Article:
"Granted" Newsletter November 2017, by Adam Grant


In this month's "Granted" newsletter, Adam Grant brings us thought provoking articles about: proven strategies for brainstorming, how to empathize appropriately, and how to deal with difficult people in you personal and professional life. Click on each article title to read more. You can subscribe to the "Granted" newsletter here.

GRANTED November 2017:

Great mentors don’t tell you what to think. They teach you how to think. Here are some of the articles that have shaped the way I think this month:

1. Research: For Better Brainstorming, Tell an Embarrassing Story After brainstorming groups introduced themselves with embarrassing stories, they generated 26% more ideas and had 15% more variety. 2. Why We Should All Stop Saying "I Know Exactly How You Feel" When someone is suffering, avoid saying "I know how you feel." We don't—and we should focus on their experience, not ours. 3. Why We Contradict Ourselves and Confound Each Other Nobel Prize winner Danny Kahneman explains that overconfidence is a failure of imagination. If you want to improve your judgment, practice the art of imagining alternatives to your expectations. 4. A Stanford Psychologist On the Art of Avoiding Assholes "One of the simplest—but admittedly hardest—things you can do is learn to not give a shit."

From My Desk:

5. Kids, Would You Please Start Fighting? Too many parents teach kids to stay silent when they disagree. I object. Silence disrespects our ability to have a civil argument and it disrespects the value of your views. “Let’s agree to disagree” shouldn’t end a discussion. It should start a new conversation, where the goal of understanding each other supersedes the goal of persuading each other.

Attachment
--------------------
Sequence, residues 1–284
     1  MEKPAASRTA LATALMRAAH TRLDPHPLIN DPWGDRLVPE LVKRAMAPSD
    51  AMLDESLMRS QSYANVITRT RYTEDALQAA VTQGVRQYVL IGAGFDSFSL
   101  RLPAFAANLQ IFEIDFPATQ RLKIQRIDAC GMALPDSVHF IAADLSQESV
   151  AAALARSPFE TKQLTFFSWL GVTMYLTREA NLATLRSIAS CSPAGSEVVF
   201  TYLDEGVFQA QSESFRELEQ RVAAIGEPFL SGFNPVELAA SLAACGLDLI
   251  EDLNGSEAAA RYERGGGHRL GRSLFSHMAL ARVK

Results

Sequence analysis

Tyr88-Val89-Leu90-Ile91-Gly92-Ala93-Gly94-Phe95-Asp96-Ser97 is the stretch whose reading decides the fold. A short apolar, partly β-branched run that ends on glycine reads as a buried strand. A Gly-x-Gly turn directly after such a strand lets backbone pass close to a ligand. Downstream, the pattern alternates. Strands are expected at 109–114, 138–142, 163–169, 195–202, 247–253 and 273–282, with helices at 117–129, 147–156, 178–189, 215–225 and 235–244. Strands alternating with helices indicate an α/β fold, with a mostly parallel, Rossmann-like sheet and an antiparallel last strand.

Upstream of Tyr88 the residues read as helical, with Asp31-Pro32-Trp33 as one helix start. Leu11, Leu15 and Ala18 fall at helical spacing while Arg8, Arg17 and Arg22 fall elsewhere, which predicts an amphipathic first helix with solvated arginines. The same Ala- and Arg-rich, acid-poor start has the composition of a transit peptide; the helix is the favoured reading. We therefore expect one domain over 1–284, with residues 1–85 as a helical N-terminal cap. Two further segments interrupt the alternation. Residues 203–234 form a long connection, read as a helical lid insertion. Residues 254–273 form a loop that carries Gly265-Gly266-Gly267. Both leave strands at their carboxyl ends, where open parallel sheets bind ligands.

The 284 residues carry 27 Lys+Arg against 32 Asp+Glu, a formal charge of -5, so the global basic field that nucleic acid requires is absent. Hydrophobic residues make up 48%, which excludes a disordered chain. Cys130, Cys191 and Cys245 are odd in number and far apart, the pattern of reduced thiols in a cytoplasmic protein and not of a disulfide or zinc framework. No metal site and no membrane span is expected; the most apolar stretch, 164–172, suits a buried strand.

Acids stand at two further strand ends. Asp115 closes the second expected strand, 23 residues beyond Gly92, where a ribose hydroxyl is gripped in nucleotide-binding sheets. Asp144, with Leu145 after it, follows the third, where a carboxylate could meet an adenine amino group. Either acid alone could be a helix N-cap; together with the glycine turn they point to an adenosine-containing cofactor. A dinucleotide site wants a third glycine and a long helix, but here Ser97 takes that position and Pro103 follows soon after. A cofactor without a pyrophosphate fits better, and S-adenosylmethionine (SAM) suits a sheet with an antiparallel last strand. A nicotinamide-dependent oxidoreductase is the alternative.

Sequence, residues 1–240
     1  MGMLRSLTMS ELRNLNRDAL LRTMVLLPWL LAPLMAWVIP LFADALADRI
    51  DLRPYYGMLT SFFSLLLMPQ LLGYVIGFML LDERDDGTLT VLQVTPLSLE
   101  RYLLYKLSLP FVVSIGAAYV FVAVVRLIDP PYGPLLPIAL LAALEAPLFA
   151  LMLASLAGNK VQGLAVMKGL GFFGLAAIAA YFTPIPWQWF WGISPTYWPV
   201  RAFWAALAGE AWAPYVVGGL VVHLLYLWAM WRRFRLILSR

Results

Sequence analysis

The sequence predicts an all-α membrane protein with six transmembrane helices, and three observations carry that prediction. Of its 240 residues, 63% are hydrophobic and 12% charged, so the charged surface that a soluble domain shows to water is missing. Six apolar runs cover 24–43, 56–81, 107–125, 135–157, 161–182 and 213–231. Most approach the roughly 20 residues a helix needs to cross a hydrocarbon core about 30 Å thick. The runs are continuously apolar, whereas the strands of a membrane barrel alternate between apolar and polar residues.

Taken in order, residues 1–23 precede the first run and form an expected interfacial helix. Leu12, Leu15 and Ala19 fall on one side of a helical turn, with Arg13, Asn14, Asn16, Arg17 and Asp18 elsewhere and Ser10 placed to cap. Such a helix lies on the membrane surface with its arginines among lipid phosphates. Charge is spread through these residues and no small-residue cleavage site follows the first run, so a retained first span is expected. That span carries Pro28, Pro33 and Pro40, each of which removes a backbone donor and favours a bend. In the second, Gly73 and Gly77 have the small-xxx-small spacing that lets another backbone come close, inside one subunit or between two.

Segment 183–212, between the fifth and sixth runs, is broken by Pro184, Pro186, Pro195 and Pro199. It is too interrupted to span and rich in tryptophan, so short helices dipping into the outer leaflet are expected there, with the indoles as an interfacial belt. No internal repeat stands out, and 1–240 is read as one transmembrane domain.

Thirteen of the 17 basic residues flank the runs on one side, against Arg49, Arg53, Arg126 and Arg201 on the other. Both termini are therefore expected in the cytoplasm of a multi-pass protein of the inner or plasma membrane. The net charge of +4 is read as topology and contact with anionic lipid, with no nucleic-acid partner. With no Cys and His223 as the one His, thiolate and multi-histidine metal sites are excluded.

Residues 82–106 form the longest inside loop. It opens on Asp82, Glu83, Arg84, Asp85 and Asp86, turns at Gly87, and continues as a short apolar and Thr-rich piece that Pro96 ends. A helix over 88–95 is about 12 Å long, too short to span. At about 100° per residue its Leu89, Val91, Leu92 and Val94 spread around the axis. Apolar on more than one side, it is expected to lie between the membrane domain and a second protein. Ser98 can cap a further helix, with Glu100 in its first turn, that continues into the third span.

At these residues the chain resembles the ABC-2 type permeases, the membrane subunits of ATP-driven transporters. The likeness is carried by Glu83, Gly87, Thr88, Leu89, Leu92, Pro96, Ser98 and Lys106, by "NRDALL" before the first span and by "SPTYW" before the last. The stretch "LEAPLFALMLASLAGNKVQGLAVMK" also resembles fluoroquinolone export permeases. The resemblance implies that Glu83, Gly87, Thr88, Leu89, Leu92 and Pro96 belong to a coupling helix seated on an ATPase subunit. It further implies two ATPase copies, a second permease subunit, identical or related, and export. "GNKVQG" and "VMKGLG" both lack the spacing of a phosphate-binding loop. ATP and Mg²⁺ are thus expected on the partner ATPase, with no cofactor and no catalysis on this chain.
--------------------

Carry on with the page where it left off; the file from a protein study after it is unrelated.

Here are some of the questions you asked last month—click any question for my response, plus my favorite resources on 10 other topics you raised:

How can you find inner peace as a restless high achiever?

What are your suggestions for fighting past "Imposter Syndrome"?

Should we trust the results of studies with only a few hundred people?

Submit your own questions to wondering@adamgrant.net. Include your first name and city, or ask to be anonymous, and I'll pick a few next month to answer here.

Submit a Question

Cheers, Adam

Adam Grant, Ph.D. Author of ORIGINALS and GIVE AND TAKE, coauthor of OPTION B, and Wharton professor.


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